The aerobic power and body composition of 18 sightless adolescents (10 males and 8 females) has been tested by standard laboratory techniques. While attending a residential school and participating in specific sessions of vigorous endurance activity at least three times per week, their fitness was comparable to that of normally sighted adolescents (estimated body fat 14.9, 25.3%, directly measured cycle ergometer maximum oxygen intake 51.7, 39.7 ml $$ kg-1 min-1). However, after a 10-week summer vacation spent with their parents, the physical condition of these children had deteriorated to levels previously reported for blind children (estimated body fat 14.7, 27.1%, directly measured maximum oxygen intake 44.9, 33.7 ml $$ kg-1 min-1). It is concluded that sightless students can attain normal levels of fitness for their age if given an adequate and suitably adapted physical activity program. However, if condition is to be maintained, programs should stress patterns of activity suited to the home environment, which typically has no special equipment or trained guides.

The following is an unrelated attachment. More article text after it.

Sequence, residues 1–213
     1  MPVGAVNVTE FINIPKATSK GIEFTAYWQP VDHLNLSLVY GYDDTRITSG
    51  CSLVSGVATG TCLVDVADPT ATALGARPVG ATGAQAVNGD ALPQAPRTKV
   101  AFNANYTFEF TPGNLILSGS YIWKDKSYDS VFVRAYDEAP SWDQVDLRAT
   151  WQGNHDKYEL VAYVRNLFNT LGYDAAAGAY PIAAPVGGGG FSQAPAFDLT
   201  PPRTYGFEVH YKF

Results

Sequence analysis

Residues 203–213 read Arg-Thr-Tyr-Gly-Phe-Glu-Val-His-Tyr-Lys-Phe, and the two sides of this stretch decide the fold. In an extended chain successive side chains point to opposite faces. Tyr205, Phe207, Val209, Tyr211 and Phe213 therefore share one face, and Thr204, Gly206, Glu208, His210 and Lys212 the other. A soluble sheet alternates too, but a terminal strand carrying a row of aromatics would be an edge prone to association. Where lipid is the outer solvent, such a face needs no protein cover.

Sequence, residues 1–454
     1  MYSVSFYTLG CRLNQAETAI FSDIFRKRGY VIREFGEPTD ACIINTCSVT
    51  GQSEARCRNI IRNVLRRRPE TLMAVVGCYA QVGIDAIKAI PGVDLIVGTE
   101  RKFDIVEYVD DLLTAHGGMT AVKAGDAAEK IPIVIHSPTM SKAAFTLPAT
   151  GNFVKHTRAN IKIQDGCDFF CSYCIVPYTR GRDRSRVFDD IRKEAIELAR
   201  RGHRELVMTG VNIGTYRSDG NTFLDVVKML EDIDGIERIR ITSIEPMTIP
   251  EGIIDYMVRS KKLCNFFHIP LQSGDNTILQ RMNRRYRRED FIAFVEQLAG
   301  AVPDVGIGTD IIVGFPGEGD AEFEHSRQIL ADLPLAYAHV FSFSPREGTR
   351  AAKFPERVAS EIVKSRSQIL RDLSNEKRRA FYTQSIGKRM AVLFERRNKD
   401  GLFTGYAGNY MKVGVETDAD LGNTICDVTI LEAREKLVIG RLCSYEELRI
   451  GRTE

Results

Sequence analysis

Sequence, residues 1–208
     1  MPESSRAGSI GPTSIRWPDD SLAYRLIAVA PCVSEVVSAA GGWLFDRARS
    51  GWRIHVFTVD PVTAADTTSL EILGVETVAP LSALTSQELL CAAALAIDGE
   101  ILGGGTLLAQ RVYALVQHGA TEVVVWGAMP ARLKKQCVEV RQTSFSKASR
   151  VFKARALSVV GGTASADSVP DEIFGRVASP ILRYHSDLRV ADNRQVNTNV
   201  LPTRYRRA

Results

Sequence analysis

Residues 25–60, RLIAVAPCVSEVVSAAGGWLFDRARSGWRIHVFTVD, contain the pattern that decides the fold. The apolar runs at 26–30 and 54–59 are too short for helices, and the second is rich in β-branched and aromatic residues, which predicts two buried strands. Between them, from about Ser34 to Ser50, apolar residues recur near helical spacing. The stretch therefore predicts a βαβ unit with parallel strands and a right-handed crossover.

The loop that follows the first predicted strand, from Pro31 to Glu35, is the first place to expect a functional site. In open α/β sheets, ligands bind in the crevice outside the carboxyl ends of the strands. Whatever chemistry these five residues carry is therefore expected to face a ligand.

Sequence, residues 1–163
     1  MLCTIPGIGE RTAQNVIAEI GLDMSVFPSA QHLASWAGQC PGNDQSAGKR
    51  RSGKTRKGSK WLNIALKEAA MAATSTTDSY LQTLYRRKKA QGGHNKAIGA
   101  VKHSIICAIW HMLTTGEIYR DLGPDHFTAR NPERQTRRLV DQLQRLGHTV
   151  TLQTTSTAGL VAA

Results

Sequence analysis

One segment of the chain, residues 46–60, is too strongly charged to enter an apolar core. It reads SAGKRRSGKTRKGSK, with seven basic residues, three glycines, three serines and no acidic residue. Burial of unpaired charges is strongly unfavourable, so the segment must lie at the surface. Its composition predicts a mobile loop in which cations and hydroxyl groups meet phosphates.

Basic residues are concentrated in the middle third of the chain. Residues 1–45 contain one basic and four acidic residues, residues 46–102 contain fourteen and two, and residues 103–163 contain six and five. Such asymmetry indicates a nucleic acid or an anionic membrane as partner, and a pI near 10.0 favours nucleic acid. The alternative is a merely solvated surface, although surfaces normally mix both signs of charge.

Josie di Natale, Mary Lee, Graham Ward and Roy J. Shephard
Lynda B. Ransdell, Mary K. Dinger, Jennifer Huberty, Kim Miller and Myung-Ah Lee
Kelley K. Pettee Gabriel, Rebecca L. Rankin, Chong Lee, Mary E. Charlton, Pamela D. Swan and Barbara E. Ainsworth
The 400 m walk test has been used in older adults; however, the applicability in middle-aged populations is unknown.
Data were obtained from the Evaluation of Physical Activity Measures in Middle-Aged Women (PAW) Study and included 66 women (52.6 ± 5.4 years). Participants were instructed to walk at a brisk, maintainable pace; time taken to complete the 400 m was recorded in seconds. Intraclass correlation coefficients (ICC) were used to assess test-retest reliability. Spearman rank order correlation coefficients were used to examine the concurrent validity of the walk test with cardiorespiratory fitness and associations with physical activity, body composition, flexibility, static balance, and muscular fitness, adjusted for age and body mass index.
Participants completed the walk at visits 4 and 5 in 248.0 and 245.0 seconds, respectively. The walk test had excellent reproducibility [ICC = 0.95 (95% CI: 0.92, 0.97)] and was significantly associated with estimated (ρ = −0.43; P < 0.0001) and measured (ρ = −0.56; P < 0.001) VO2max. The walk test was also significantly related to physical activity, body composition, flexibility, and balance.
These findings support the utility of the 400 m walk test to estimate cardiorespiratory fitness and reflect free-living physical activity in healthy, middle-aged women.